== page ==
Kenya to Form State Company to Own Stakes in Mining ProjectsEric Ombok
Kenya will form a state-owned company that will hold stakes in mines and establish a sovereign wealth fund to manage revenue from the industry, Mining Secretary Najib Balala said.
The government is repealing a law that required at least 35 percent domestic ownership, reducing it to 10 percent that will be held by the government, Balala said in an interview on July 9 in the capital, Nairobi. The new legislation, creating what will be known as the National Mining Corp., is expected to be enacted by November, he said.
“We are waiting for the new bill to be approved by Cabinet and parliament,” he said.
Kenya is the world’s third-biggest producer of soda ash, used in the manufacture of glass, and ranks seventh globally in output of fluorspar, used to make steel, according to the U.S. Geological Survey. The country also has deposits of gold, rubies and sapphires, though the industry represents less than 1 percent of its gross domestic product, according to the African Development Bank.
Investment in natural-resource development trails other countries in East Africa including Tanzania, which is Africa’s fourth-largest gold producer, and Uganda, which found oil in 2006 and may start producing the fuel next year.
Tata Chemicals Ltd., based in Mumbai, India, produces soda ash at Lake Magadi in Kenya, while West Perth, Australia-based Base Resources Ltd. owns the Kwale mineral-sands project in southeastern Kenya and Goldplat Plc operates a gold mine in western Kenya. Cortec Mining Kenya Ltd., a Nairobi-based exploration company, plans to start production at its niobium project in southeastern Kenya by 2016.
Balala, who was appointed as head of the newly created Mines Ministry in May, said his priorities as Cabinet secretary include conducting an airborne survey to determine the number of mineral deposits in the East African country.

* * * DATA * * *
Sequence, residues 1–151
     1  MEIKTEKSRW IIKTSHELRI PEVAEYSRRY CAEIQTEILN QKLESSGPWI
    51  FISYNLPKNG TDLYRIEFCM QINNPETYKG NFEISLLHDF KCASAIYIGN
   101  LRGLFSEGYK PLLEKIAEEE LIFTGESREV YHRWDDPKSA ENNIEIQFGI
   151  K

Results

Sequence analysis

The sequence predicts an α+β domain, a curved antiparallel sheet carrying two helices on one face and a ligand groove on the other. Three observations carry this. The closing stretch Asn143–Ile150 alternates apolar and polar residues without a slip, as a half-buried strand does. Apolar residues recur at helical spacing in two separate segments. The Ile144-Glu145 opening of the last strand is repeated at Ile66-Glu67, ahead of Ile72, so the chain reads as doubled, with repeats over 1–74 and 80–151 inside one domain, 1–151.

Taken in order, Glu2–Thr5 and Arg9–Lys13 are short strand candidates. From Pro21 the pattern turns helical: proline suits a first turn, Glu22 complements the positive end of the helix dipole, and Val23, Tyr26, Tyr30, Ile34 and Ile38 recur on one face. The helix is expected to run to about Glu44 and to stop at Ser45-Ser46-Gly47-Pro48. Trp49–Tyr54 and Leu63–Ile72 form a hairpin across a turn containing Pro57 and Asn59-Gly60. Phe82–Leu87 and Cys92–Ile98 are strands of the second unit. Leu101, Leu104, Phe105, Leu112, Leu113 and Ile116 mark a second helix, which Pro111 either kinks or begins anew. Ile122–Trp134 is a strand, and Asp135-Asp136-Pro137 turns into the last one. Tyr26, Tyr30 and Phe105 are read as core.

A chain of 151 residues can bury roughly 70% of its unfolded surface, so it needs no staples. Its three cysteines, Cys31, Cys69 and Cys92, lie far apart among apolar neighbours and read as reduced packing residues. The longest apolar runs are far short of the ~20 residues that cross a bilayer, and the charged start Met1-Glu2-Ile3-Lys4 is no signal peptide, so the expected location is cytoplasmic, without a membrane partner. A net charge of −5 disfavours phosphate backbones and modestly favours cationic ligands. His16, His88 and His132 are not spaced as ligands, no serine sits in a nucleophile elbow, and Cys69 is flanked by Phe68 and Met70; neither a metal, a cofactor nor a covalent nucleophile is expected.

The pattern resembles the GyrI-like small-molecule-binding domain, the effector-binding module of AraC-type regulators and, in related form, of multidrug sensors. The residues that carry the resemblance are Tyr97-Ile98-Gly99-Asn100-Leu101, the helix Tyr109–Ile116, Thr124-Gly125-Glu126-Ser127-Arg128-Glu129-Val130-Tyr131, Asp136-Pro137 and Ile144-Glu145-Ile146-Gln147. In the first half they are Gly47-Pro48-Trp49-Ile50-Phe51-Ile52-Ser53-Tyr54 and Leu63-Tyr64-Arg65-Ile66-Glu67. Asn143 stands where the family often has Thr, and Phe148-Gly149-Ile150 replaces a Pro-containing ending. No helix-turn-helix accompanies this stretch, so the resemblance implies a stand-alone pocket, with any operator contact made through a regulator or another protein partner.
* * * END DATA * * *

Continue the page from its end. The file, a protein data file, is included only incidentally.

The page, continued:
The government estimates there’s as much as 1.5 billion metric tons of coal in four of 31 exploration blocks in Kitui, eastern Kenya, he said.
Kenya also envisages becoming a minerals-trading and processing hub, Balala said.
“My plan is to have a metal and minerals exchange, to have a gold refinery and exchange in Kenya and also to be a value-addition center for gemstones, iron ore, manganese and the heavy metals,” he said.
The proposed new law calls for the creation of a Mineral Sovereign Fund into which a quarter of mining royalties received by the government will be held for future investment, Balala said. The state is proposing that three-quarters of total royalties go to the national government, 20 percent to county administrations and 5 percent to local communities, he said.
Investors are starting to take notice of Kenya’s potential for mining, Balala said.
“Everybody is streaming into the country and want to know what we have,” he said. “The minute we have the legislation in place and the airborne survey, then we will have a very transparent way of allocating these concessions to investors.”